We’ve seen big improvements over the past six months in the ways that many companies are addressing the prevention of bullying and harassment. This is a major shift that got a foothold after the January 2020 WFCA Conference, but which was partially derailed by Covid a few months later. However, I’m now seeing a much better understanding throughout the industry of the need to address the prevalence of harassment. And certainly, the industry’s tolerance for inappropriate behaviour is much lower now than it has been in the past. Many companies have also realized that while gender parity is very close to being achieved at a planter level, there is still a woeful inadequacy of women in upper management and at the ownership level. That can’t be changed overnight, but we need to challenge ourselves to change that weakness in the next three years.
Mental Health is being recognized more than ever before. Covid helped to kick-start that revolution, as companies became acutely aware of the challenges that planters had to deal with in isolation camps. Again, that’s an area which is seeing improvement. A number of the larger companies have been offering psychological first aid courses to all levels of management, and there is current talk about industry-wide support programs such as one potential program that Tim Tchaida and other WFCA members are examining.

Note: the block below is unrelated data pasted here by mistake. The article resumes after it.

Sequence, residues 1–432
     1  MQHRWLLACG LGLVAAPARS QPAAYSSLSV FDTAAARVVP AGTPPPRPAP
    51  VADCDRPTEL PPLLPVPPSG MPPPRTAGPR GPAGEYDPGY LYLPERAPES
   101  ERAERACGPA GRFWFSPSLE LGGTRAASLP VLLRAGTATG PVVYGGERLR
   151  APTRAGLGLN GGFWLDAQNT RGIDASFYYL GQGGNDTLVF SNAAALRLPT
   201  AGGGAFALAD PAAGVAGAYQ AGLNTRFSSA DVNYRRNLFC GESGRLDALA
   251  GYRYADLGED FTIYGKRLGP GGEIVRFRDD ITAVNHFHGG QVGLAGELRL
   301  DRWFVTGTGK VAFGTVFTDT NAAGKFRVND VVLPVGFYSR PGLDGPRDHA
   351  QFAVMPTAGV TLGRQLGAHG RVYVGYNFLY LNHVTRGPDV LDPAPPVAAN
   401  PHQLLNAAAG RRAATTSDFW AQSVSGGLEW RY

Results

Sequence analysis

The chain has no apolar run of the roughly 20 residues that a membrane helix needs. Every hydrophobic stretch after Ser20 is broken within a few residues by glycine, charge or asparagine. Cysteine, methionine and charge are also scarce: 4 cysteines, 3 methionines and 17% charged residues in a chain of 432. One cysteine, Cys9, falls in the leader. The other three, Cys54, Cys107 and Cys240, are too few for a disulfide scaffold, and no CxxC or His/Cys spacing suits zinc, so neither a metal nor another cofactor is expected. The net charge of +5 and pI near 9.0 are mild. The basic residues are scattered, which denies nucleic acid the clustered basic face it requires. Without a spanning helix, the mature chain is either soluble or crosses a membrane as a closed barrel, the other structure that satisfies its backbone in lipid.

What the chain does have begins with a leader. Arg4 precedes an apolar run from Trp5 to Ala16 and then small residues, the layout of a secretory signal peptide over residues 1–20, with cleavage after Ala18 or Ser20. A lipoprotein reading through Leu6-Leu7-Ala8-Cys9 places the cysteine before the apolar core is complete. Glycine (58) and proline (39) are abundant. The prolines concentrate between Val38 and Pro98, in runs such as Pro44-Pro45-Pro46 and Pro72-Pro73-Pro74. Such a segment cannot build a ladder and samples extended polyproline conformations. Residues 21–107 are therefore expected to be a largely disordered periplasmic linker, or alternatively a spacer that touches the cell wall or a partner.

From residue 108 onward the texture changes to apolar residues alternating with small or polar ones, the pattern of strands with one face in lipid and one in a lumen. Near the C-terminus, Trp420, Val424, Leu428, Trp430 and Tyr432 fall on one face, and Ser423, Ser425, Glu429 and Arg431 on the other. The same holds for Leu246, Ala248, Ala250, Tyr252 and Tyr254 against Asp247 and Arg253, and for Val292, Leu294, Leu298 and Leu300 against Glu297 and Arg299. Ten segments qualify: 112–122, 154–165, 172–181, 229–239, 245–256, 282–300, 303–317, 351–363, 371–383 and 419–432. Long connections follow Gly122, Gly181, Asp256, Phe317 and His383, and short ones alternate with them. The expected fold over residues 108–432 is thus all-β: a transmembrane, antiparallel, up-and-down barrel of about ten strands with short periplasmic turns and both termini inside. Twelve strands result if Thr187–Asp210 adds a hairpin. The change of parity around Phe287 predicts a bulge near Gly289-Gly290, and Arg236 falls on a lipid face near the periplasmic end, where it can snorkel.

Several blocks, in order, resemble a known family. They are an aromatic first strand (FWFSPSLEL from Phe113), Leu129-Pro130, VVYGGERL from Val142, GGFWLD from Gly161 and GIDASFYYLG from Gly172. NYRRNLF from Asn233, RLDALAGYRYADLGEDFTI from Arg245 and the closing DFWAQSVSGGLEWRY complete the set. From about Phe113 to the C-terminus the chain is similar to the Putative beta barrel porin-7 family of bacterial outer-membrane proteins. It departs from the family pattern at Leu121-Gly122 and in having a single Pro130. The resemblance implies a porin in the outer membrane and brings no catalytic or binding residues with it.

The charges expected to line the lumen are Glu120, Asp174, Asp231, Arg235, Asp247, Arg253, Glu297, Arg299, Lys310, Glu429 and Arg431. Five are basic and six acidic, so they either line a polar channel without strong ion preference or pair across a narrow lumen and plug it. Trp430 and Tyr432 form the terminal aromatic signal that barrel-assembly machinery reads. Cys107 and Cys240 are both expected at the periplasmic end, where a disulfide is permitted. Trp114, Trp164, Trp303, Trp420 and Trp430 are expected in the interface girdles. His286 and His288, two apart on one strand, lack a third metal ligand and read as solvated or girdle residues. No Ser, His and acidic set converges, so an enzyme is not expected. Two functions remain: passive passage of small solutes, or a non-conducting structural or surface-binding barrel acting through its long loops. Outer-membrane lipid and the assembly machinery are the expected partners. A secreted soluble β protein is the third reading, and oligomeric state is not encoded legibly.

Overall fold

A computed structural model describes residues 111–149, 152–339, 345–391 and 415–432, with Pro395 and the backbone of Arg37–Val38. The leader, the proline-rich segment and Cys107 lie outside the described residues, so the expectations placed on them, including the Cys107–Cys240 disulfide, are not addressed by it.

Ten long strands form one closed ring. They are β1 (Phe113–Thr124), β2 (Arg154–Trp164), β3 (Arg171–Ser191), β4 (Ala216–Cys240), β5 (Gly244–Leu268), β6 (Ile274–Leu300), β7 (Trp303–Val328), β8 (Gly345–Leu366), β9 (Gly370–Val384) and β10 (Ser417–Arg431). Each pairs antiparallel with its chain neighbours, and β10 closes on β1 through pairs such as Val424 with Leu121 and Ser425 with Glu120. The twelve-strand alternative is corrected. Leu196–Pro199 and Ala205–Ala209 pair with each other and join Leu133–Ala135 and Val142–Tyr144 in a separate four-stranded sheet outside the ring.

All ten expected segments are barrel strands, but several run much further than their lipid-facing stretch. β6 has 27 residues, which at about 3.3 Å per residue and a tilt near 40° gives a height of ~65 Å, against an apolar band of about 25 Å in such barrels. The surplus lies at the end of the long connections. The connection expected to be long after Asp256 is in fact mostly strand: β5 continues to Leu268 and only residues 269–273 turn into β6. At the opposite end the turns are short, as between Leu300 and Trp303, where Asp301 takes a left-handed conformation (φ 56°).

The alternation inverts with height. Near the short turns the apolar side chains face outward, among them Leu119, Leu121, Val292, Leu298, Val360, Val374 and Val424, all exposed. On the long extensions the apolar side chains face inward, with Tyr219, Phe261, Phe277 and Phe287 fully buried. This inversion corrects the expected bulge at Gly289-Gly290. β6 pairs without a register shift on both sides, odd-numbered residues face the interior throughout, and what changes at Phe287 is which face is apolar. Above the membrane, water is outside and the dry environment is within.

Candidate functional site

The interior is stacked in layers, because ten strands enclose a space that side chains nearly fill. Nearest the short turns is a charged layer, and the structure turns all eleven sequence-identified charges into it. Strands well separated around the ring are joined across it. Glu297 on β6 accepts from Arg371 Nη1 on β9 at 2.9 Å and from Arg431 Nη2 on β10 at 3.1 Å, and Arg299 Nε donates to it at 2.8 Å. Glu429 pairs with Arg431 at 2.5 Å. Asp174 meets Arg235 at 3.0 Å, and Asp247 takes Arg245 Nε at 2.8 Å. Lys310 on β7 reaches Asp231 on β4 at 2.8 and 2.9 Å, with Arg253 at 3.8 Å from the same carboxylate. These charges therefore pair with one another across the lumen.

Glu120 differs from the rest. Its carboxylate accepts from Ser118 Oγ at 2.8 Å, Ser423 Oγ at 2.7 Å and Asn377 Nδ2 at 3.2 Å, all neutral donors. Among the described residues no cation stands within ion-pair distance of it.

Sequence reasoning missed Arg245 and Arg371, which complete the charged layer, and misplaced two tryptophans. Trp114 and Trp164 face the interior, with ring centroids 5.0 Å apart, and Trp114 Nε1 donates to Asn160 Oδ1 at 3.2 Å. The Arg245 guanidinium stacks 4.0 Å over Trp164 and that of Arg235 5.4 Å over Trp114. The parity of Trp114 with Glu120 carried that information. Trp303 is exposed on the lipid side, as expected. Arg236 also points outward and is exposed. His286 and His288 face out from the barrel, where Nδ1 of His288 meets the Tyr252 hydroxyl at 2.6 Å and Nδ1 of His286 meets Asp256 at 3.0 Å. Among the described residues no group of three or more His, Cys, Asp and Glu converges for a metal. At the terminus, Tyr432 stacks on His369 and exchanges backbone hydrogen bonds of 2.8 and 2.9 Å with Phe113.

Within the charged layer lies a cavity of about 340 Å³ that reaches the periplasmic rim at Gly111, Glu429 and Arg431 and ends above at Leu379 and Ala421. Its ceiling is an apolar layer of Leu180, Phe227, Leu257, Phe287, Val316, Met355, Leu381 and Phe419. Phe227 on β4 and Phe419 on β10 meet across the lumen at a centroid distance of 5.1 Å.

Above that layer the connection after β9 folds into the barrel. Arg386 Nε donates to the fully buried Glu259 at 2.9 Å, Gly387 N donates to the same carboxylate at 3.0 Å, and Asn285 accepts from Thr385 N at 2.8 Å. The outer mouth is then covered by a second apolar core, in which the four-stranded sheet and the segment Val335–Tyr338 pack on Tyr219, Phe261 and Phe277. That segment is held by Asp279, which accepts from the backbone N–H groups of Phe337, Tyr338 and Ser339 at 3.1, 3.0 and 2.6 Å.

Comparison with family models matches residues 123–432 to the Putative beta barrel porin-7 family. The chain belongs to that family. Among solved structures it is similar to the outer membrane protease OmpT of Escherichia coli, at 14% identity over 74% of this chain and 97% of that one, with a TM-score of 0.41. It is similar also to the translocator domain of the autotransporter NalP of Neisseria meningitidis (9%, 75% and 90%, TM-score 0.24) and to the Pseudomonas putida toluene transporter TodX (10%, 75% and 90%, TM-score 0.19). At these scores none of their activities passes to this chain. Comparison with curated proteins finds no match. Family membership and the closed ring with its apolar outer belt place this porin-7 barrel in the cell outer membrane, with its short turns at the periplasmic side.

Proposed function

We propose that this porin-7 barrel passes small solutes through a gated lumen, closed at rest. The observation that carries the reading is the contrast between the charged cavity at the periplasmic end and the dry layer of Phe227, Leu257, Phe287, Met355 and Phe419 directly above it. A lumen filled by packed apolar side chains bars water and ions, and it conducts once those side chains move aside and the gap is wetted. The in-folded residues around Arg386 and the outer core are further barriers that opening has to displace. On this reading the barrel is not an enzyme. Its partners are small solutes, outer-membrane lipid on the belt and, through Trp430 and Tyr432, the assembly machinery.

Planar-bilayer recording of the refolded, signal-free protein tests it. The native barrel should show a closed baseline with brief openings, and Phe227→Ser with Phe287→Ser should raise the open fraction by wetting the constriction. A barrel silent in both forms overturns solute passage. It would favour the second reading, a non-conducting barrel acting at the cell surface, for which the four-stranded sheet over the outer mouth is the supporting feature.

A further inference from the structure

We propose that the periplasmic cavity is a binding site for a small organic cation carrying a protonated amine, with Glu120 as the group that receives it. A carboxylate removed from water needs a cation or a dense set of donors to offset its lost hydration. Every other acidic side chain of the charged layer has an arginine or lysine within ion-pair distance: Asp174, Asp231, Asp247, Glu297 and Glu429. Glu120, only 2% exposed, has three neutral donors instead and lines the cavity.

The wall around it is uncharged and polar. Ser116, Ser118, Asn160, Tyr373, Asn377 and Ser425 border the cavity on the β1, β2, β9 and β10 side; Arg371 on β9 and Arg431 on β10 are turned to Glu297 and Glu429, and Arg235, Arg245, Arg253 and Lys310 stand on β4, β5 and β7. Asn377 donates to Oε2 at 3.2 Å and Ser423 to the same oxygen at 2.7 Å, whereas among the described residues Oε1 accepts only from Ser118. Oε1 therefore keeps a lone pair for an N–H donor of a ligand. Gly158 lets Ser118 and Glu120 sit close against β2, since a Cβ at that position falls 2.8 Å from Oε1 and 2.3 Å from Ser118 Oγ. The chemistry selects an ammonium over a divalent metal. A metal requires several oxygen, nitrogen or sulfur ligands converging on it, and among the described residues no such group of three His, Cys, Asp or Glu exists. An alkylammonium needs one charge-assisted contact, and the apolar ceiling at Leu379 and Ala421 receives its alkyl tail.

Finally, back to Covid, our society has a better familiarity with constant use of masks. While that won’t make 2021 any more enjoyable than 2020, it won’t feel so unfamiliar to be wearing masks constantly in camps and trucks. And while there are always some planters that disagree with mask rules, and resist the concept of testing and vaccinations, the majority of the workforce recognizes that we need to work together for our own individual good. If planters are careless coming into the season, it’s not just their own health that is at risk. The bigger risk is a shutdown of their crew or camp. As with masks, you don’t follow the rules to protect yourself; you follow them to protect everyone around you.
I’ve talked to more than a dozen other supervisors over the past few weeks. We all recognize that the inevitable outbreaks in our camps will mean that this season will be a lot more challenging than in 2020, we understand the challenges.
Let’s get to work …
Previous SOTI posts: